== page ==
Prof. Liu appointed to endow Cheng Professorship in Science
Prof. Kai Liu, an associate professor of LIFS at HKUST, was appointed the Cheng Professorship in Science. His academic work is focused on neuroscience, specifically on discovering ways to regenerate axons in damaged spinal cords. Spinal cord injury is one of the greatest medical challenges facing mankind because unlike amphibians or fish, humans are incapable of regenerating damaged nerve cells in the spinal cord. It is estimated that tens of millions of people living with spinal cord injuries in the world.
Prof. Liu is fascinated by the fact that our liver tissue can regenerate, but not the nerve cells in our ears, eyes, and spinal cord. So he is exploring ways of axon regeneration through stimulating neurons chemically and genetically.
He commented, usually neurons inside the brain do not die after spinal cord injury. If a way could be found to restore the spinal cord connection, its function in motor control and sensation could be restored.
So far he has produced encouraging results on the mouse models, in which for the first time he was able to induce motor axon regeneration in the spinal cord from injuries up to 1 year ago. He sees the promise of stimulating neuronal activity and is also actively looking for more effective drug targets. Nonetheless, as optimistic as we can be, we are still a long way from carrying out clinical trials for humans.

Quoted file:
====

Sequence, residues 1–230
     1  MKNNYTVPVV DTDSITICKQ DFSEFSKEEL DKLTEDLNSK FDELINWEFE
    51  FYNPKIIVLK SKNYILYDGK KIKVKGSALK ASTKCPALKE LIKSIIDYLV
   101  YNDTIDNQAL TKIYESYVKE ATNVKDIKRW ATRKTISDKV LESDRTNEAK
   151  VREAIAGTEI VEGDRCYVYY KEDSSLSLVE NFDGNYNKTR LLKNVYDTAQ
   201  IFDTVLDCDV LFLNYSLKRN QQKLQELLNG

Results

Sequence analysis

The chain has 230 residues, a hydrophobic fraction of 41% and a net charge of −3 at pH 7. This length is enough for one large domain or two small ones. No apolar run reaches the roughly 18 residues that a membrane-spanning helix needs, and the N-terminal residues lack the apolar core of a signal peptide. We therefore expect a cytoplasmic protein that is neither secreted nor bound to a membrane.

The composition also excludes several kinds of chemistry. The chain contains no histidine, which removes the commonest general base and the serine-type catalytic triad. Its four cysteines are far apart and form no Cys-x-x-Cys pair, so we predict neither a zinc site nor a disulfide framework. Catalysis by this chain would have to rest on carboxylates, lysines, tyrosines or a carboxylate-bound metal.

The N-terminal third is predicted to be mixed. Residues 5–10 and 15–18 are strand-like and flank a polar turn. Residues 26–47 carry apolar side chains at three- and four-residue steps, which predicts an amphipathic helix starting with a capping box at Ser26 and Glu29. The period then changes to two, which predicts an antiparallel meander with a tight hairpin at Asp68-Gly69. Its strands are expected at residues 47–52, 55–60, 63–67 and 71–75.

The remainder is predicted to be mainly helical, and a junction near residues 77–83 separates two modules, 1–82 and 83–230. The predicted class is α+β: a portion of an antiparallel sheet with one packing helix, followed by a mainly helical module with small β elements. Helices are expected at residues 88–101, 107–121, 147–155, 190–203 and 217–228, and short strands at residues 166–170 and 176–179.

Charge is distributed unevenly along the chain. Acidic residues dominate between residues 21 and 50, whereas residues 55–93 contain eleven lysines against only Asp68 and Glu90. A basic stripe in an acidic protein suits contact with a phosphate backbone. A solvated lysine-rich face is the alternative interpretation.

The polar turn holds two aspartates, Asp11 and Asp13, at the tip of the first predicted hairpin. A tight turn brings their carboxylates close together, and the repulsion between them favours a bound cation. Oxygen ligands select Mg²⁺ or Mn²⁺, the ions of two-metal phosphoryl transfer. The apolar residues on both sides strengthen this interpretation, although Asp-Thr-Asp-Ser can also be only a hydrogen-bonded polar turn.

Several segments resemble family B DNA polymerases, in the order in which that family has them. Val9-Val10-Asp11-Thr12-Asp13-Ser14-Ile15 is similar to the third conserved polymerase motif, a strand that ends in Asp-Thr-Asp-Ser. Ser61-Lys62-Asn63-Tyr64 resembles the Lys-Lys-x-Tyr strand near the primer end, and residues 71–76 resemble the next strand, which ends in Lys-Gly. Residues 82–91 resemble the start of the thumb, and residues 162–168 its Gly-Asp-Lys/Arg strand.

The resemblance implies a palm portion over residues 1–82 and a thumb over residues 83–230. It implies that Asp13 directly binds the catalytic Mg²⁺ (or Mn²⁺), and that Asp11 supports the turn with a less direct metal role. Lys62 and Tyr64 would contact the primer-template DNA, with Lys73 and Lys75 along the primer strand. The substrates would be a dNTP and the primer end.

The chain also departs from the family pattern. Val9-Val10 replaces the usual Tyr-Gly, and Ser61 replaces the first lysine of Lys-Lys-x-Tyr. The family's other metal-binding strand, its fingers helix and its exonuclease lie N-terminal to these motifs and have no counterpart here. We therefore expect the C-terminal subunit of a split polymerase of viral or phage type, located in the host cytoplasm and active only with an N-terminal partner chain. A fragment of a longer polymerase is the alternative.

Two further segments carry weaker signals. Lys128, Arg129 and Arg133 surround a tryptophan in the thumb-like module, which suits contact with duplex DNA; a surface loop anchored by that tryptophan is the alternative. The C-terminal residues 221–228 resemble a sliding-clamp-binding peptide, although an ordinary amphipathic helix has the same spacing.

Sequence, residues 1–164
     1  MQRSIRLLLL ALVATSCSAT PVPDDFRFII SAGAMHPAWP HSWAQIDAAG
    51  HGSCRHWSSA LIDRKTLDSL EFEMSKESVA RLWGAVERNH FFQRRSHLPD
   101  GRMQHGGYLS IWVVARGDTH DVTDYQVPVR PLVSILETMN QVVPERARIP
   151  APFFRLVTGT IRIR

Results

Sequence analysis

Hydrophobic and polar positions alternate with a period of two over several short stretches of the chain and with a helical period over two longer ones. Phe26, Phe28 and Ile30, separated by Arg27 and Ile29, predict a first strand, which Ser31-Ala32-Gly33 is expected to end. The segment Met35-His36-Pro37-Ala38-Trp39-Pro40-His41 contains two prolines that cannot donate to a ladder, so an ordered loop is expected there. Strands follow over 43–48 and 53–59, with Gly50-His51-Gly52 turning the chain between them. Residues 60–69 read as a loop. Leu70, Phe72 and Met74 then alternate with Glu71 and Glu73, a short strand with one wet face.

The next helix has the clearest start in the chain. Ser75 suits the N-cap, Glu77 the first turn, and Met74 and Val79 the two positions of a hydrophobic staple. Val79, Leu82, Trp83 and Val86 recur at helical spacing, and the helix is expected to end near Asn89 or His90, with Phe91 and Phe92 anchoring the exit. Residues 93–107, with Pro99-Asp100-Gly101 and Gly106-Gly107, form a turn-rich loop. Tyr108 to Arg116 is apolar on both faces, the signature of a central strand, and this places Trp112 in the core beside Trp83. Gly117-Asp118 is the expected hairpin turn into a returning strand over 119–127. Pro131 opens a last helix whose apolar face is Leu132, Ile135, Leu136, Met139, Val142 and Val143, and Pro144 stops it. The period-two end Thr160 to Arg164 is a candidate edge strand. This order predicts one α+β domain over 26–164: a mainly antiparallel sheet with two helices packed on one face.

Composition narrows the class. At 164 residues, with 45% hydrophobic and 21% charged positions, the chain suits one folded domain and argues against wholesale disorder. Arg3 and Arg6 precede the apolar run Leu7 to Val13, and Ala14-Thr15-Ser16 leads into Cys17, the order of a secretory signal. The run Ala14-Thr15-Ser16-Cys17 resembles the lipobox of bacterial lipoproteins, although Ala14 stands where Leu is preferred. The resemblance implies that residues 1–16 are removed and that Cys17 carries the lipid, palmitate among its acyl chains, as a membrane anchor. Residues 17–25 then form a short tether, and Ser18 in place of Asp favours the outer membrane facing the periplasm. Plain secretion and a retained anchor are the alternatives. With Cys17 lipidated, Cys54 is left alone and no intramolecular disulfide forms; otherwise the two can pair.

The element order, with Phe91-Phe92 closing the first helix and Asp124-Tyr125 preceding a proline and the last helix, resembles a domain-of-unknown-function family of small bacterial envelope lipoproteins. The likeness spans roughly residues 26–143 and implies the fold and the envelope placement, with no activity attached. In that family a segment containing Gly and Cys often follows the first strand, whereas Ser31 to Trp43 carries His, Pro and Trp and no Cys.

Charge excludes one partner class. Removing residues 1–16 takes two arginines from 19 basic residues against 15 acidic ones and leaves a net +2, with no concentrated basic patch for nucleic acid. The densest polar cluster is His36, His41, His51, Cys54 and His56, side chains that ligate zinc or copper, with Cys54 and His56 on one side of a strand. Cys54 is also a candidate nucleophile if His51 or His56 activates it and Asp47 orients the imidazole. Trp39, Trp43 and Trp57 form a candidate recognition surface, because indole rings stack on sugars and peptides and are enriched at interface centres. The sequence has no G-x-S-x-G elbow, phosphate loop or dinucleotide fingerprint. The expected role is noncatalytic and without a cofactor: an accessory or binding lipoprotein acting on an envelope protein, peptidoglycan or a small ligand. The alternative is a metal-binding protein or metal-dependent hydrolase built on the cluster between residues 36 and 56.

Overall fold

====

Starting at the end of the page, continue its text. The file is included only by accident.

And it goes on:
Prof. Liu is one of the exciting young scientists in LIFS at HKUST to ask big questions on important scientific areas. He is very much concerned about the big picture in scientific research and has something to say about the intellectual longevity of scientists.
For many exceptional scientists, the research cycle can take decades for one major discovery. It will already be fortunate for many of them having two such cycles in their entire career. It is crucial to encourage scientists to engage in basic, long-term research by giving much-needed financial support. – Prof. Liu
On the translational side, there is an even much wider financial gap between research and clinical application. It is unrealistic to “spend a little money to do big things”. Another condition conducive to research productivity is a critical mass of peers tackling research of a significant scale. Such a community of fellow researchers creates an exciting research environment. Local scientific researchers can definitely rise to the challenge with proper support. Also, Hong Kong scientists need to step out of the research laboratory to educate the public about the importance of scientific research.
Prof. Liu received high-quality Chinese undergraduate education at Peking University and a doctoral degree program at Rutgers University in the United States. After his postdoctoral training at Children’s Hospital in Boston, which is affiliated with the Harvard Medical School, he now works in LIFS at HKUST. His research has been featured in distinguished publications, such as the Proceedings of the US National Academy of Sciences, Science Advances, and Journal of Neuroscience.
For more information on The University’s Named Professorship program, please visit https://np.ust.hk for more details.